Located in an old abandoned electric plant, Necropolis gives off an eerie haunted vibe as soon as you pull into the parking lot. And while waiting in line, listening to the rules of the haunt, a blood-sucking individual kept the mood light and increased the anticipation for the haunt.
But it goes downhill after that.
The first portion of the three-part haunt is the longest and most well known attraction of the bunch. As a haunted city, scenes include everything from a library to a haunted forest, where the bushes will give you a nice scare. But the lack of actors really hindered the experience at Necropolis. After each scare, one could watch the actors move ahead a few feet and position themselves for the next scare. This would occur several times before they would return to their original position in the haunt. Was I caught off guard a few times? Sure. But the continued use of the same actors throughout the haunt severely cut down on the scare factor. I must add that a member of our group, who I won’t name, did cry because of this haunt, although she admitted to being extremely afraid of anything slightly haunted.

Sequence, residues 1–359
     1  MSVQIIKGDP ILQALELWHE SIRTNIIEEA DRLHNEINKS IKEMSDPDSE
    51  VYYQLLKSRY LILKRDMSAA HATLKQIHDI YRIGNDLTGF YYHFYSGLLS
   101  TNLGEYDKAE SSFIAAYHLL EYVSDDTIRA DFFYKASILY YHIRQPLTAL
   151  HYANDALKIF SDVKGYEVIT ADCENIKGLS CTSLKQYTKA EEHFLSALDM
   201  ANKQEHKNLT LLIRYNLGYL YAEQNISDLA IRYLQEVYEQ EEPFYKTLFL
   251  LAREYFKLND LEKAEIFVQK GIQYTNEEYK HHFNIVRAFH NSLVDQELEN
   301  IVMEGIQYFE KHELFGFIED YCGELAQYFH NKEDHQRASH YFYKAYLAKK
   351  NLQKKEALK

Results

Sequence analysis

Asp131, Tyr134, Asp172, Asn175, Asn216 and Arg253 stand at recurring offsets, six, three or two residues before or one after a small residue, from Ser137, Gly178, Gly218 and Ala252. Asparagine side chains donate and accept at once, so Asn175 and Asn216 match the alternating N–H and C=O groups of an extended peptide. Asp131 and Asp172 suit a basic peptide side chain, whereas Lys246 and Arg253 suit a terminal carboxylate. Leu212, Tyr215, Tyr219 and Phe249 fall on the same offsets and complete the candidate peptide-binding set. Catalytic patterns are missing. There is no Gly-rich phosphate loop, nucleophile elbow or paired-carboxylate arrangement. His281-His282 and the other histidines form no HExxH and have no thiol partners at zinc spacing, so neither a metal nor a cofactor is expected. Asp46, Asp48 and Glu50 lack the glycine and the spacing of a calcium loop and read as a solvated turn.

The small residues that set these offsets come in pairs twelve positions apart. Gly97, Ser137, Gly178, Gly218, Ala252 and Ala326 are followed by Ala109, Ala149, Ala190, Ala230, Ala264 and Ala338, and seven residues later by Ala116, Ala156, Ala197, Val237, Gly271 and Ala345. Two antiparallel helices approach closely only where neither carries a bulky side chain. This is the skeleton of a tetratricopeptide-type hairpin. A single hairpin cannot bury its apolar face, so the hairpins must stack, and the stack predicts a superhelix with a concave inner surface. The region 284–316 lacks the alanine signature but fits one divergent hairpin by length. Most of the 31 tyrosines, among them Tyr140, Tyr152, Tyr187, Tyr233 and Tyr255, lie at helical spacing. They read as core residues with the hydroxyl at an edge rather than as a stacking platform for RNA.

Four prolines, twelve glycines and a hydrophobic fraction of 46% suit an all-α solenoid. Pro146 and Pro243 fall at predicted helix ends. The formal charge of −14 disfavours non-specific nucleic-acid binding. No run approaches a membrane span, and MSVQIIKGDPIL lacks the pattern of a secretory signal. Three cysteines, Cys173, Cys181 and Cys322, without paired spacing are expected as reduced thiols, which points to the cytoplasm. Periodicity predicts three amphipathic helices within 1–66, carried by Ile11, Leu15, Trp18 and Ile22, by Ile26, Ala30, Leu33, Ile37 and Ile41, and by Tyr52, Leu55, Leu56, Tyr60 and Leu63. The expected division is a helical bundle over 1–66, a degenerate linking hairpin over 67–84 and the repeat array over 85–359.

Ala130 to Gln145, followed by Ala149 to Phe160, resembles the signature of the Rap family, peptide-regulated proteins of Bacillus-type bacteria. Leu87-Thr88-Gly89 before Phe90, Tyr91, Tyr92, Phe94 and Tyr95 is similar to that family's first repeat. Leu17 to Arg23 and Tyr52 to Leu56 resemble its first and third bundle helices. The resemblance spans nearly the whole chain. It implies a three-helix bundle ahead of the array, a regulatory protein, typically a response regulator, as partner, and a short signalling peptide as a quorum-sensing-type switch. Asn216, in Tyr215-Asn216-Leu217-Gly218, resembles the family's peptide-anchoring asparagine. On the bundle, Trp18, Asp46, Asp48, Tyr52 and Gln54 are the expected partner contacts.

The second portion of the haunt was Hellusions in 3D. I’d rather not beat a dead horse, but this haunt used two actors the entire time. Sections of the haunt did throw my balance off, and the bridge was a trippy experience, but this haunt wasn’t scary in the least bit.
Answer the telephone afterwards though.
Dark Terrors is the final part of the haunt and the most fitting theme for the building. Based around an abandoned government factory that conducted top-secret experiments, it goes hand and hand with where this haunt is located. The coffins, zombie-like creatures and torture rooms provided the best experience of the night. And be on the lookout for a little something extra after you think you’re all finished.
Add more actors and this experience would’ve been much better